THE KNIGHT WITH THE COW-HAIR WIG
Sir Hugh Hastings was a fourteenth-century roughneck with a very unusual appearance
In the late 1970s St Mary’s church in Elsing, Norfolk, had the builders in. The church was (and is) famous for a grand tomb there, which is decorated with a fine memorial brass - perhaps the finest of its kind in England. The brass had been removed for restoration, and was to be relaid in a new setting on a stone plinth.
So along came the builders to do the work. But once they got digging they managed to disturb the grave-site itself. The coffin of elm-wood containing the dead man’s remains had rotted completely away, but the remains themselves were in good shape. The canon of the church gave a small team of Norfolk archaeologists permission to inspect whatever was down there, provided they did not remove any bones from the sacred building.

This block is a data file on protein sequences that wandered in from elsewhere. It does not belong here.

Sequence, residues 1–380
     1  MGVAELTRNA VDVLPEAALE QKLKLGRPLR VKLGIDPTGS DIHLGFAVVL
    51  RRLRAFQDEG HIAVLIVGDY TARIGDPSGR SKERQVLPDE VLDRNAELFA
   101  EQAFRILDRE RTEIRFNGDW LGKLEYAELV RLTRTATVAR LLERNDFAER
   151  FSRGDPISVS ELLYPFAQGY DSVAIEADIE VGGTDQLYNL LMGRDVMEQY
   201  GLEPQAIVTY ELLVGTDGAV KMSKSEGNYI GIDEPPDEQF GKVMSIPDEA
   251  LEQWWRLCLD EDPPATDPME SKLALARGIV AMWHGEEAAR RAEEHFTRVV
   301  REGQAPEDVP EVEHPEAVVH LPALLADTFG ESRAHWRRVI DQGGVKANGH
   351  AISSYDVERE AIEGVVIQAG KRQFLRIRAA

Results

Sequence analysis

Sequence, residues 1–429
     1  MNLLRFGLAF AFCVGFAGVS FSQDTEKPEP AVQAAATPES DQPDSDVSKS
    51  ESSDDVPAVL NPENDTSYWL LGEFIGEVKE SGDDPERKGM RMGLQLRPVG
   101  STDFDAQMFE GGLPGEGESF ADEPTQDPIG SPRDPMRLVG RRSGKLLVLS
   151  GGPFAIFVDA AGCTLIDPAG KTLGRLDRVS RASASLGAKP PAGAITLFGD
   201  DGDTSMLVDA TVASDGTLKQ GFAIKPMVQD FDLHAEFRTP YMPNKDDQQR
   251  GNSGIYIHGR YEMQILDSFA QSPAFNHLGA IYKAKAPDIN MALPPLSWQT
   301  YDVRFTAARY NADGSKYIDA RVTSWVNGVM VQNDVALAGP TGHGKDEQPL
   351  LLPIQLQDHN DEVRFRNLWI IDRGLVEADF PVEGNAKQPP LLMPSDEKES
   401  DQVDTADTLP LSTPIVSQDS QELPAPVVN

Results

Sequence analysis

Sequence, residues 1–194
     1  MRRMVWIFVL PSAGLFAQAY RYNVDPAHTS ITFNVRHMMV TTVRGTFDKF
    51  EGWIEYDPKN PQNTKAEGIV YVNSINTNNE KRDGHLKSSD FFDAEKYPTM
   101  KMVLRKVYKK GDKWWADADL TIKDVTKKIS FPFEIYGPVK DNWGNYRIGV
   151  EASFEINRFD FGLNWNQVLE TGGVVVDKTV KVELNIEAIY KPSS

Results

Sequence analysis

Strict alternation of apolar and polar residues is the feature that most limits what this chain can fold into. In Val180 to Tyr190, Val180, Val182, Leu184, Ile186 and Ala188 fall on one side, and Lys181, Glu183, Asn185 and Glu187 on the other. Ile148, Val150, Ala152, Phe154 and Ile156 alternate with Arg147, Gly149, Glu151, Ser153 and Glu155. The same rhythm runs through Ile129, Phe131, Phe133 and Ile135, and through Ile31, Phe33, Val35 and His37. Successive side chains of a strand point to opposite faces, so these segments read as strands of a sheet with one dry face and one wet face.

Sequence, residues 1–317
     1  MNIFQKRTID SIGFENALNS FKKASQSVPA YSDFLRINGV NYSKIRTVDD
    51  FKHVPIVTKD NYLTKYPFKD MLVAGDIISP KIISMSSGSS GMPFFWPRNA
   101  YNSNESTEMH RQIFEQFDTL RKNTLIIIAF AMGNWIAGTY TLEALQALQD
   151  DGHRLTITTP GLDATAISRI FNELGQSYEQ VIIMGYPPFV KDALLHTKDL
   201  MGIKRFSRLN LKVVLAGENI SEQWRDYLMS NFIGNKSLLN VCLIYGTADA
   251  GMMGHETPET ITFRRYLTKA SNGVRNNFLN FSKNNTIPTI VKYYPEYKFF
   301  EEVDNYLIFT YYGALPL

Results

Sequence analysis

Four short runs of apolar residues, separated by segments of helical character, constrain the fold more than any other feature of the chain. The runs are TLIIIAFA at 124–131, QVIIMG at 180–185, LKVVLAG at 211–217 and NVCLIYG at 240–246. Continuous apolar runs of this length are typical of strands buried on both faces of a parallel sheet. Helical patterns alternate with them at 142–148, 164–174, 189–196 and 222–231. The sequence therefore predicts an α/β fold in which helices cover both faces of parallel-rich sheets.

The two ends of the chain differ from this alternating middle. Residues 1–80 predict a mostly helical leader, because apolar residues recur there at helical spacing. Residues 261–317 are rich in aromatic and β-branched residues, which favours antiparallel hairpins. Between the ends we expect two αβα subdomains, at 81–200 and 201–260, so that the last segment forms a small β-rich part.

That seemed fair enough. So the archaeologists got work. And it is through their report, written up in the journal Norfolk Archaeology, that we know quite a lot about the dead man depicted on the memorial brass: the Norfolk knight and Hundred Years War big-shot Sir Hugh Hastings.
Sir Hugh Hastings was an extraordinary character. I’m interested in him for a couple of reasons. The first is general: the fourteenth century was a fascinating time in the history of knighthood,
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